Focusing inward gives you greater control of your run. Our tendency is to try to ignore the pain that can come from a tough run; but when we ignore, we ultimately lose control.
Becoming involved in the rhythm of your breath choosing a specific breathing rhythm like "three steps in; two steps out" can help your lungs more efficiently exchange oxygen for carbon dioxide and flush lactic acid from your muscles. Maintaining awareness of your form can help relax your muscles, reduce pain and allow you to run faster and farther.
Our first inclination is to distract ourselves from negative thoughts when we feel their weight bearing down on our minds. If we consistently ignore a persistent thought, we often end up fueling its power and pull. We are telling our mind that it is too scary to "go there," and our fear subsequently grows.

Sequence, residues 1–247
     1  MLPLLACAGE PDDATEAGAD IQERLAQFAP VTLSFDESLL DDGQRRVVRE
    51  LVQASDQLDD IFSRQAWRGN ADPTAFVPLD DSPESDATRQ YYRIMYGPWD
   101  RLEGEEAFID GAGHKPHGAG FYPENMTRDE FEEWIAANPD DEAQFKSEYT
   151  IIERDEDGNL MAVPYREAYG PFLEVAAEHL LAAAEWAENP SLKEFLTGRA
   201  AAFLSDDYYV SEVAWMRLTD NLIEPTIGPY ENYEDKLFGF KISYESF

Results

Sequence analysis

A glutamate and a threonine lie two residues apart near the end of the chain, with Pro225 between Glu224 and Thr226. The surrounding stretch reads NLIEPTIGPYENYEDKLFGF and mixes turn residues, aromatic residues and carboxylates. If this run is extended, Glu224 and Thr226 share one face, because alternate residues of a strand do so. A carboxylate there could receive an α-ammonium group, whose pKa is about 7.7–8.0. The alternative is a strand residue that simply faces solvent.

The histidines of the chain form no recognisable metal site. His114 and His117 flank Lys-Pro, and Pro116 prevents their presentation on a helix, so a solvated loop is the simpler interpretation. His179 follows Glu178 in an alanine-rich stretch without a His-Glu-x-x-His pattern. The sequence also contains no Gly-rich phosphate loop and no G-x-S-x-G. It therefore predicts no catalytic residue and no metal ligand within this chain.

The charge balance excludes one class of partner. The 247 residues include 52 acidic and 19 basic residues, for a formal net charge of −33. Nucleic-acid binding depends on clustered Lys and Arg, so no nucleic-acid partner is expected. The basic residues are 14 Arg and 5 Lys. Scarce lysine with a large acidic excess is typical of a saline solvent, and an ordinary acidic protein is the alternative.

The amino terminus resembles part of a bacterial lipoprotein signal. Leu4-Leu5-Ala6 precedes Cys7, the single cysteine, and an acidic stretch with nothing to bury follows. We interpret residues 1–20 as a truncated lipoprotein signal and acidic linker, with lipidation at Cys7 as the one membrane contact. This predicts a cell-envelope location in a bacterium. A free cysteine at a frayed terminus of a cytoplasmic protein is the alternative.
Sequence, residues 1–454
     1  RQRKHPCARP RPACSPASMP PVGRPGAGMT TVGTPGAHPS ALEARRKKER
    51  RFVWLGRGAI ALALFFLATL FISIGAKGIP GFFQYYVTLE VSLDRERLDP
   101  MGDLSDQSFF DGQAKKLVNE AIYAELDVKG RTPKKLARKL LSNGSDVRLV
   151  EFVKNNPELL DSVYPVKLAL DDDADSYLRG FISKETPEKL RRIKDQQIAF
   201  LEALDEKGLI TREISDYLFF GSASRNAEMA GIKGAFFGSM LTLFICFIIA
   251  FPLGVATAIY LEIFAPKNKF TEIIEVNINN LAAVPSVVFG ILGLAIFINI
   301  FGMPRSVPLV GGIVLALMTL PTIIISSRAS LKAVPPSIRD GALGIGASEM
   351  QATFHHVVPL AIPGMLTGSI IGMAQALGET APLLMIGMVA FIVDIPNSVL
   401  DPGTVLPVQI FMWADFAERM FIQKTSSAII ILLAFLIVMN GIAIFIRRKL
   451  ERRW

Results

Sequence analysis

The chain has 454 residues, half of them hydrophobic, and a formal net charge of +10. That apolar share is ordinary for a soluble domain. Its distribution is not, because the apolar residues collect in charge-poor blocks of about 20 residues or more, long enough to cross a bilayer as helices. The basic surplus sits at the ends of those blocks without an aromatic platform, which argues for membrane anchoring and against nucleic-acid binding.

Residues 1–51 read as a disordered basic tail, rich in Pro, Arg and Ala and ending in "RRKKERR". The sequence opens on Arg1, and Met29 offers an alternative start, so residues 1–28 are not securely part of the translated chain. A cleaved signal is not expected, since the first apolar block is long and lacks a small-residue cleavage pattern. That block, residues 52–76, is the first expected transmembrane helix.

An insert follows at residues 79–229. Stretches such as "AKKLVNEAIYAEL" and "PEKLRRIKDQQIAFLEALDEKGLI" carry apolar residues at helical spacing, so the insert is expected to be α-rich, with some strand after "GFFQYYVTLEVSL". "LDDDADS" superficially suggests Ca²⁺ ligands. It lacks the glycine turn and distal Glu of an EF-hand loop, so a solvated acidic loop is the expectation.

Paying attention to these thoughts might be another path to managing them. If you really follow your thoughts, you may notice that they are more associated with how you might feel in the future, rather than how you actually feel in the present.
We may think, "Wow, how will I ever finish this run if it feels so tough now?" Even though the future could be as short as a few seconds away, you really cannot know for sure how you will feel down the road.
During a tough run, we may worry that we cannot maintain intensity or even make it to the finish. But these thoughts, although very real, often have no basis in reality. We do, however, have control of the present moment.